Passcodes are increasingly a thing of the past. Nowadays you can log in to your devices simply using your thumbprint. What if you could do the same by looking into your phone’s camera? According to Apple’s recent press conference, this is precisely how the new iPhone X will work. Will our phones soon greet us like pets happy to see their owners?

How does it work?

The new technology, built into the $999(!) iPhone X announced last on week, works through the phone's front-facing camera, which scans the user's face to determine that this person is indeed the user it is familiar with. The phone notices when the user changes something in his/her appearance, for instance by growing facial hair, or wearing a hat. These look changes are not enough to convince it that the user is a different person. So much for disguises. Like a faithful animal companion, the phone gets to know its owner over time, and can recognize when something about them has changed.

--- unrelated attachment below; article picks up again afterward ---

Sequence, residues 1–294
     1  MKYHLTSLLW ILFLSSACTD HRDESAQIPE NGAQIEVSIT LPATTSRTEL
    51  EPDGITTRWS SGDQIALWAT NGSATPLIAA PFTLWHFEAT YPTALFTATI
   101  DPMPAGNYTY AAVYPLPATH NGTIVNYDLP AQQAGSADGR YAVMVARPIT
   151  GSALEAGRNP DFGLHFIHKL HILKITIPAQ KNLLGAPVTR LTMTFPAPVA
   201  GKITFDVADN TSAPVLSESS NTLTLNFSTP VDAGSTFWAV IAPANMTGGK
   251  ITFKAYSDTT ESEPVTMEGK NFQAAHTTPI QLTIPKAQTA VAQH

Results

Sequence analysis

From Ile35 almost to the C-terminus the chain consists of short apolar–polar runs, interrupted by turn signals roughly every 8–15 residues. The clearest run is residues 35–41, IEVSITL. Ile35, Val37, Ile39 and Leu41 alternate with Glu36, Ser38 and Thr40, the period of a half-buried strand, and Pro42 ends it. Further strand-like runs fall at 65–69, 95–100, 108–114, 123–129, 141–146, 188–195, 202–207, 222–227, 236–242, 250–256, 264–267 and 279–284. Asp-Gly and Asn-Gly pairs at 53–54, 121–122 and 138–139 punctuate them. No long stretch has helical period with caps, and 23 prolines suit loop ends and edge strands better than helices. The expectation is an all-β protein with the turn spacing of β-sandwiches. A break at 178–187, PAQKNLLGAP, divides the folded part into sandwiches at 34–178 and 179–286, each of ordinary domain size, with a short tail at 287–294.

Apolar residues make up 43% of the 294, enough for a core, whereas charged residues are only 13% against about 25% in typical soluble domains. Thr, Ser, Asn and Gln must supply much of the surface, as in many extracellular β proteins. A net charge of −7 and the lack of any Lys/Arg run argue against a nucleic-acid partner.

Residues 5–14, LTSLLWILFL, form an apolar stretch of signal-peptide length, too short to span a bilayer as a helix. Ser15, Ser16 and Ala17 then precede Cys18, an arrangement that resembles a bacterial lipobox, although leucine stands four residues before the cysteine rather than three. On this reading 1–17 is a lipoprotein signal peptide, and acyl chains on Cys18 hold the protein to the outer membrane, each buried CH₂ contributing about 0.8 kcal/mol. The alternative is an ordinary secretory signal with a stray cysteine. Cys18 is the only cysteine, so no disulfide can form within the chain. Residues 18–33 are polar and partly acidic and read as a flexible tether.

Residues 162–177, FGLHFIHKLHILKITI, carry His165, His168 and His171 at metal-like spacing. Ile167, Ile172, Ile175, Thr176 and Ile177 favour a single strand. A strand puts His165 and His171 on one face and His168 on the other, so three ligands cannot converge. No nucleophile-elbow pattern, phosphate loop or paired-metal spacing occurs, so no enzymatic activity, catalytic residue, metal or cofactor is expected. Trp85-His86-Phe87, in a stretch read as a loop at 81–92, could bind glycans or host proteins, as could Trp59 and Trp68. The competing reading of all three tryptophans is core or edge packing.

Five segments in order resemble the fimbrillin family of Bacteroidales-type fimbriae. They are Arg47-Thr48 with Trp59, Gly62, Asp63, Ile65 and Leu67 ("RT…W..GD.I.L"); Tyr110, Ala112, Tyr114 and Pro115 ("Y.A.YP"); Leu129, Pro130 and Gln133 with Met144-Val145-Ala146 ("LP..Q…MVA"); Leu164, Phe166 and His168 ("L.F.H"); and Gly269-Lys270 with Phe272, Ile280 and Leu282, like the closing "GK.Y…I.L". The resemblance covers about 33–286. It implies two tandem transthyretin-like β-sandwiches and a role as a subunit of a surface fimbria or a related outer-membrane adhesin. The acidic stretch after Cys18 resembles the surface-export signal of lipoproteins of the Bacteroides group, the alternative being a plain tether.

Conversely, the fear that stand-ins might be used to trick the system is, according to Apple, unfounded. Neither a photograph of the owner, nor a mask designed to look like them, nor even their oblivious sleeping face would be validated by the phone's sensors. Think of pets again, they know when something is wrong. The Face ID technology will apparently respond only to an alert and responsive face. Still, the company does acknowledge these concerns. Phil Schiller, spokesman for Apple, joked that users should use a passcode instead if they have an evil twin. And yet according to experts, the technology involved is getting increasingly good at sniffing out the difference even between identical twins.

A family of devices

Our apps and household devices are getting more and more familiar with us. Your computer probably already greets you by name when you log on. Your phone is getting increasingly good at recognizing you by more than just your passcode. Many websites remember when you last visited and welcome you back personally after a long break. Are we approaching the stage where we treat our tech as part of the family?

Source: CNN. Image: Apple

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